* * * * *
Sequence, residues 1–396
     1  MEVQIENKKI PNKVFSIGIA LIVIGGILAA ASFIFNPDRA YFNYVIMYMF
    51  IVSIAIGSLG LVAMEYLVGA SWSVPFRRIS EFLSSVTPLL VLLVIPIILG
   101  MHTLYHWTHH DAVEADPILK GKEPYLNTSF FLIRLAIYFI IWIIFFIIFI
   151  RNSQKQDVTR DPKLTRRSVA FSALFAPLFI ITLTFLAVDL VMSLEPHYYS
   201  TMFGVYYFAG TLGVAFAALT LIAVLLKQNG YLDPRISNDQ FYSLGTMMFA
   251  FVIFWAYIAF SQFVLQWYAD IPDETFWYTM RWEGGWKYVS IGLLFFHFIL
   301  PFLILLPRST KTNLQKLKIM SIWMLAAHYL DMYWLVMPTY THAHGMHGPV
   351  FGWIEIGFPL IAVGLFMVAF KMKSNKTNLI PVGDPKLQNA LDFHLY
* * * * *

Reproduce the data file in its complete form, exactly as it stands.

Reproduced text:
Sequence, residues 1–396
     1  MEVQIENKKI PNKVFSIGIA LIVIGGILAA ASFIFNPDRA YFNYVIMYMF
    51  IVSIAIGSLG LVAMEYLVGA SWSVPFRRIS EFLSSVTPLL VLLVIPIILG
   101  MHTLYHWTHH DAVEADPILK GKEPYLNTSF FLIRLAIYFI IWIIFFIIFI
   151  RNSQKQDVTR DPKLTRRSVA FSALFAPLFI ITLTFLAVDL VMSLEPHYYS
   201  TMFGVYYFAG TLGVAFAALT LIAVLLKQNG YLDPRISNDQ FYSLGTMMFA
   251  FVIFWAYIAF SQFVLQWYAD IPDETFWYTM RWEGGWKYVS IGLLFFHFIL
   301  PFLILLPRST KTNLQKLKIM SIWMLAAHYL DMYWLVMPTY THAHGMHGPV
   351  FGWIEIGFPL IAVGLFMVAF KMKSNKTNLI PVGDPKLQNA LDFHLY